Protect yourself when buying a second-hand car

Protect yourself when buying a second-hand car

Protect yourself when buying a second-hand car
Consumer Education Homepage - News

It has been found that many cars that have been severely damaged in accidents often end up being repaired and returned to the road. To the untrained eye these cars may look perfectly acceptable but, hoist them up and take a closer look, and one may be shocked at the quality of the repairs and the severity of the previous damage incurred.

Roadworthy Not Enough?

When you buy a second-hand car, it comes with a roadworthy certificate, but this alone will not provide a confirmation of no material issues being present. A roadworthy certificate is a legal requirement to complete the registration for transfer of ownership when one acquires a used motor vehicle, or for any vehicles carrying passengers for reward like mini-busses/busses/heavy load vehicles.

A roadworthy test conducted by the vehicle examiner identifies visual defects with the electrical items, bodywork components, steering, suspension, and interior seatbelts and an overview of the undercarriage. It makes sure it is “roadworthy” but will NOT necessarily pick up if the vehicle has been in a previous collision.

SAMBRA has been lobbying hard with the South African Insurance Association (SAIA) to make information on previously written off cars deemed uneconomical to repair, available to customers. Until this information is available SAMBRA encourages all consumers who are looking to buy a previously owned vehicle to educate themselves, by following these steps and protect themselves while purchasing a second-hand vehicle.

Steps to Protecting Yourself

1. If you are at all concerned, is to insist that the car is taken to an accredited vehicle testing station i.e., any station that is a member of the Vehicle Testing Association (VTA), that will undertake a comprehensive multipoint check on the car. The multi-point inspection (MPI) covers a range of additional categories. It is conducted by a trained and qualified examiner of vehicles and will give you a far more comprehensive report on over 120 points of the vehicle. Alternatively, if the car is on sale at a NADA member franchise dealer, the dealers trained technicians will usually provide a detailed multipoint inspection record.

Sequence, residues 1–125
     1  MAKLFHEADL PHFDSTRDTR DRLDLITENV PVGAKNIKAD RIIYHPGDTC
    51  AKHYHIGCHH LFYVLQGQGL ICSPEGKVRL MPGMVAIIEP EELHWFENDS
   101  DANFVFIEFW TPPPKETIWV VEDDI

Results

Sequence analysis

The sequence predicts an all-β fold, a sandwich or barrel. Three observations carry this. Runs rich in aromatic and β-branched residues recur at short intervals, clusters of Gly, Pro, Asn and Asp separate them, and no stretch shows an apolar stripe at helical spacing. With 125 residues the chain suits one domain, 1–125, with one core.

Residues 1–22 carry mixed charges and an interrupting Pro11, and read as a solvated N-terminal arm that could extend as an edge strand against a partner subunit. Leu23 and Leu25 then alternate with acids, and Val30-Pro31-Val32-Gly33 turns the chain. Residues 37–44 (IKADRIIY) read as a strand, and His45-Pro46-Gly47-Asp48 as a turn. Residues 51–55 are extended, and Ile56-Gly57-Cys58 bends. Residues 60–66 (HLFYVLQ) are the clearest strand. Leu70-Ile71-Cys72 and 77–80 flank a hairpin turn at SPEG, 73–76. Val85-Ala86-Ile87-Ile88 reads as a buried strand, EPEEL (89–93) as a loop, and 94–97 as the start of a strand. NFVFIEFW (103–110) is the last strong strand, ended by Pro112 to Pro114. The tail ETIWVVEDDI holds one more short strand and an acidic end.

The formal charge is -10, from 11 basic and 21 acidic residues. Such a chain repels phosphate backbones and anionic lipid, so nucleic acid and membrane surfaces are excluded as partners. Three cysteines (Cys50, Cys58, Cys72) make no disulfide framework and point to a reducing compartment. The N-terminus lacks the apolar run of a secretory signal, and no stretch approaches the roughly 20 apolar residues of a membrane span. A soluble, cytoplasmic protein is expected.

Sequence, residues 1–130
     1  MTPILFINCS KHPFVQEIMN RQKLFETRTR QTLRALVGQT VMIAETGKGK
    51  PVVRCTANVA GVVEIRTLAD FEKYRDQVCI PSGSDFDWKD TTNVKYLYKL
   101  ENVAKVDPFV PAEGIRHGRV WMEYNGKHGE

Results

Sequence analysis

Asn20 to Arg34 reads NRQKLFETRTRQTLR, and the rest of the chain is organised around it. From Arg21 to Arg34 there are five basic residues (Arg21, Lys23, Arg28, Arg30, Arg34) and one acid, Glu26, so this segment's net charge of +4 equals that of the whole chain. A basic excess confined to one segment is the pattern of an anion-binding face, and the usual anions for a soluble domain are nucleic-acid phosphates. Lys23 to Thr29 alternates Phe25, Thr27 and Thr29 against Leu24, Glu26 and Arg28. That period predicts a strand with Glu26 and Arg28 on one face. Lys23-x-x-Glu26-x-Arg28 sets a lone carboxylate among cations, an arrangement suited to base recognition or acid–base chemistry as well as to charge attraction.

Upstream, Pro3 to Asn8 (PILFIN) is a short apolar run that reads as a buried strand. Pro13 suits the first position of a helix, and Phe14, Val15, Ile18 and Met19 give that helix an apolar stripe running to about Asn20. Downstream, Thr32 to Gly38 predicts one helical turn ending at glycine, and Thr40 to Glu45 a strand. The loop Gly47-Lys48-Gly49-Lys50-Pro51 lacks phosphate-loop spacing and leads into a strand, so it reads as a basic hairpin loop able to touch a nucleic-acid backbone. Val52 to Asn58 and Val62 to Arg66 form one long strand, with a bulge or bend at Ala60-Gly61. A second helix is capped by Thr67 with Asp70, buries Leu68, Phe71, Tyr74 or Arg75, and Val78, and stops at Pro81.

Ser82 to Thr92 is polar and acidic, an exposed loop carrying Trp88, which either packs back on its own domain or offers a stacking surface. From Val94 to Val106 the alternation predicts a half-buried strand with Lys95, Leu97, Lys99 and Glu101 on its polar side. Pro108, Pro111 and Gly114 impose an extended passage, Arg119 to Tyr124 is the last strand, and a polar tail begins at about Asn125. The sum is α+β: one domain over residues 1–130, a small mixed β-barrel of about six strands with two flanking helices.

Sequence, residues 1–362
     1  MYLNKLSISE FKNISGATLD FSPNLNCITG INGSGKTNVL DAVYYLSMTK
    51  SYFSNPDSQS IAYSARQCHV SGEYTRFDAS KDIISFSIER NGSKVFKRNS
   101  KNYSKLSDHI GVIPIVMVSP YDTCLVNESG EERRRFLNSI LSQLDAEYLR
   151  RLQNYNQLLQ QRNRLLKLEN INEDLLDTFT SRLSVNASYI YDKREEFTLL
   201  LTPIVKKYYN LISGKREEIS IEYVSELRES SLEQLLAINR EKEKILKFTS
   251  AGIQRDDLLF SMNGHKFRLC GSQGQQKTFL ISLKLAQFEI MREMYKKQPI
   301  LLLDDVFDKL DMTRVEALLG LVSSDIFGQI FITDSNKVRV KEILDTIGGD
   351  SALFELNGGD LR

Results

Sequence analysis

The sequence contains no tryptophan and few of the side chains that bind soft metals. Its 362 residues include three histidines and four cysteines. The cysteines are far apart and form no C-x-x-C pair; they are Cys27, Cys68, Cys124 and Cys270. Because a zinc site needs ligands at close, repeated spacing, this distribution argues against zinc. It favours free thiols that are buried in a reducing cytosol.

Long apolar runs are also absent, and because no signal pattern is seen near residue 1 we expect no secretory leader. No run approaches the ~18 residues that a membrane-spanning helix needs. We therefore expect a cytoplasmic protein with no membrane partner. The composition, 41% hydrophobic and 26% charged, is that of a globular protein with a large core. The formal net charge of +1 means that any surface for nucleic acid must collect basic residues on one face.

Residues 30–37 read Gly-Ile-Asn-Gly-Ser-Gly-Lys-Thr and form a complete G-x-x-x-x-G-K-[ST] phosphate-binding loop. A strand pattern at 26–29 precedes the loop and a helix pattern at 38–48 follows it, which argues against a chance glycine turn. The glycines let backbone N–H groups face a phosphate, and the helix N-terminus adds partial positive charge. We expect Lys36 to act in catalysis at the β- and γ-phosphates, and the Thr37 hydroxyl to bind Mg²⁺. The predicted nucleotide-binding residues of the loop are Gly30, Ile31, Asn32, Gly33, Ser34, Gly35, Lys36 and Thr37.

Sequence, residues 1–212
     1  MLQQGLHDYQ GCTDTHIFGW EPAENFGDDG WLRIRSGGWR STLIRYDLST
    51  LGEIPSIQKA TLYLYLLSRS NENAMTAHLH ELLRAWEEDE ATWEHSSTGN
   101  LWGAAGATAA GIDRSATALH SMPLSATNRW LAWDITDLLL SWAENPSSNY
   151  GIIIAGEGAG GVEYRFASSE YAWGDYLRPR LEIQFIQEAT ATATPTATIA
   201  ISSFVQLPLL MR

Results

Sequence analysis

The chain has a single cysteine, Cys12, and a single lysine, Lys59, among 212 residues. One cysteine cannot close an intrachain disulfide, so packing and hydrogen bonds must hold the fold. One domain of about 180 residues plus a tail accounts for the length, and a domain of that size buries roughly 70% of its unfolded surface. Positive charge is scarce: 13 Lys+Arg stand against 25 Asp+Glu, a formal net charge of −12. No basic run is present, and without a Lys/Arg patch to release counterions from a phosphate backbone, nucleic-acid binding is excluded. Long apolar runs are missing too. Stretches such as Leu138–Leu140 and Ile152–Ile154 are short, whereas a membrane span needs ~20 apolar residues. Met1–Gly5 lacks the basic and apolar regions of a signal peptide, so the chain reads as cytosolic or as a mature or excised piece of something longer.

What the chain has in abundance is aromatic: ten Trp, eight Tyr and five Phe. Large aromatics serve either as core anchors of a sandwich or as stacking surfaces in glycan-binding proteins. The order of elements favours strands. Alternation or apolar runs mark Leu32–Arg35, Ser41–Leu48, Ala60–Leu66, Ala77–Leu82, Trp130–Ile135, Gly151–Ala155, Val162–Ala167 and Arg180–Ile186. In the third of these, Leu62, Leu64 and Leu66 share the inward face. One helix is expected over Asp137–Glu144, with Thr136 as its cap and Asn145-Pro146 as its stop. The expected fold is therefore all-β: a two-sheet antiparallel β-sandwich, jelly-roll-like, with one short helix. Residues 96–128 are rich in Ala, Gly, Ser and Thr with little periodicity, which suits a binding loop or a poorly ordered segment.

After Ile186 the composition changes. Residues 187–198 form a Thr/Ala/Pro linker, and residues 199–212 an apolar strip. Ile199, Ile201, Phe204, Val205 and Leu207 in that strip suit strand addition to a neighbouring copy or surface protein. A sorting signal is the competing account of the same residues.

2. If you are worried about its service history, you can pop into any NADA dealer and request them to check the service history of the car if you give them the VIN number. Any RMI accredited MIWA service workshop will also be able to tell you if there are any mechanical faults.

3. Finally, if it’s a previous collision you are still worried about, an accredited SAMBRA body repairer will be the best option to give the vehicle a thorough once over. Remember that it is always worth doing the extra checks as all RMI accredited workshops comply with the strictest standards and criteria to protect consumers.

Find A SAMBRA-accredited Repairer

Refer to the full list of SAMBRA-accredited workshops here, for NADA (National Automobile Dealers’ Association), Vehicle Testing Association (VTA) and Motor Industry Workshop Association (MIWA) members visit the RMI website for details here.

More articles like this can be found on the Consumer Education page, here such as Your second-hand car and why you want to know about its collision history and SAMBRA Forms Vehicle Salvage Database Task Team.

Ask SAMBRA